Garlic, The SuperFood – Part 2

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By Kac Young Ph.D, ND, DCH

Continued from part 1 of this article…..

saladplateA recent meta-analysis in China looked at 26 randomized, double-blind, placebo-controlled trials—the “gold standard” in scientific research. In that meta-analysis, researchers concluded that garlic reduces total cholesterol by 5.4% and triglyceride levels by 6.5% compared with a placebo. Garlic powder and aged garlic extract were found to be the most effective at lowering total cholesterol, while garlic oil had a greater effect on lowering triglyceride levels.[3]

It can prevent strokes: Garlic on its own is a rich source of anjoene , an antithrombotic (anti-clotting) agent which helps prevent platelets in the blood from forming blood clots, and is packed with nitrites – a compound that helps dilate (or widen) the arteries. Both of these nutrients can help prevent the onset of a stroke (a condition caused by the formation of a blood clot in the blood vessels of the brain).

It can delay wrinkles and premature ageing: Antioxidants help prevent premature ageing by scavenging free radicals in our body – the leading cause of ageing. According to the Journal of Agricultural and Food Chemistry study, garlic pods sprouted for five days have the highest antioxidant activity – making them a youth elixir for your body.

It does boost your immune system: If you suffer from frequent colds, coughs or infections you might also benefit from sprouted garlic. Sprouted garlic provides your body with a strong boost of antioxidants. Antioxidants strengthen your immune system which help you ward off infections. Historically, garlic has received attention as a potent antibacterial agent. In 1858, Louis Pasteur touted garlic as an antibiotic. Garlic was later used in World War I and World War II as an antiseptic to prevent gangrene.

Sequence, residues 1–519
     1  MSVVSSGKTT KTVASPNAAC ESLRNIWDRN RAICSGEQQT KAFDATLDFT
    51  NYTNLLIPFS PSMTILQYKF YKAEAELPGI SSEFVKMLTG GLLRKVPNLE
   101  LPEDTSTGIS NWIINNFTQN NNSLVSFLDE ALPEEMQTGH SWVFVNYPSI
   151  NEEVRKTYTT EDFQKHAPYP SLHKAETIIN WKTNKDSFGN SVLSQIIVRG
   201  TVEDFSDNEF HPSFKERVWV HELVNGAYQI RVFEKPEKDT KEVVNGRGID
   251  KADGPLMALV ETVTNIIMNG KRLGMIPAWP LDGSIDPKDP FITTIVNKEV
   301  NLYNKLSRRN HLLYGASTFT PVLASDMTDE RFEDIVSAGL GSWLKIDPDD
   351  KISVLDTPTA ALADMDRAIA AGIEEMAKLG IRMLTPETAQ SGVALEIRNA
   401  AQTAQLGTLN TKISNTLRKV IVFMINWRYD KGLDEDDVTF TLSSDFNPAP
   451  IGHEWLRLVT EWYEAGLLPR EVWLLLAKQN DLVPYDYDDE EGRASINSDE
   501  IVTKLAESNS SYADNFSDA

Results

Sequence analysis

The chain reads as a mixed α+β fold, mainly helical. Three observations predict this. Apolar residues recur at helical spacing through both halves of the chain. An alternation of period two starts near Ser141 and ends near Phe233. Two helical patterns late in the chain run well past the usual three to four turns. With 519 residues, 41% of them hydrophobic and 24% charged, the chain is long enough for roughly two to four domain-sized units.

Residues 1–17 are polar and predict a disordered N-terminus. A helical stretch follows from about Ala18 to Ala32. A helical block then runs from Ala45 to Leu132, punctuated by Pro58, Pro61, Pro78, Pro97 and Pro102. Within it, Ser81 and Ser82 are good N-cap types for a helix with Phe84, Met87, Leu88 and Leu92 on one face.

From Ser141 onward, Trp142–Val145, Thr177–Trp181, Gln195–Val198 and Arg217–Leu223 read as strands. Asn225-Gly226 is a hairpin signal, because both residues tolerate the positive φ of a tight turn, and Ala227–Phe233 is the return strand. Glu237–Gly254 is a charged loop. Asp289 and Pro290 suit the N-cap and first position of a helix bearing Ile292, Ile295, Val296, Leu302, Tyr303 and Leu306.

How to sprout your own garlic:

Garlic normally sprouts on its own if left out in the open. But if you want to sprout them yourself, here is a way to hasten the process:

Place a pod of unpeeled garlic and gently poke in three tooth picks on three sides of the garlic. Make sure you place the toothpicks in the fleshy part of the pod. Fill up a small glass with clean water (tap water is fine.). Balance the garlic pod on the rim of the glass using the toothpicks as braces to partially submerge the root section in the water.

Allow the glass to stay on the windowsill for five days, making sure the bottom is always submerged in the water. Once it is sprouted, wash it well and add to foods for the nutritional benefits it provides.

If you have a personal or family history of heart disease, ask your doctor about using garlic (in food or supplements) as part of a heart-healthy lifestyle. Be sure to consult your doctor first if you take a blood pressure or statin drug.

Because garlic may also interact with certain prescription drugs, such as warfarin (Coumadin), consult your doctor before significantly increasing your intake of the herb if you take any medication or have a chronic medical condition.

Kac Young , a former television director and producer, has earned a Ph.D. in Natural Health and is a Doctor of both Clinical Hypnotherapy and Naturopathy. She is the author of 10 books. Heart Easy is a system of nutritionally sound, delicious meals that promote heart health, long life and taste great. Traditional recipes are turned into heart healthy meals that anyone can make. The health results are outstanding.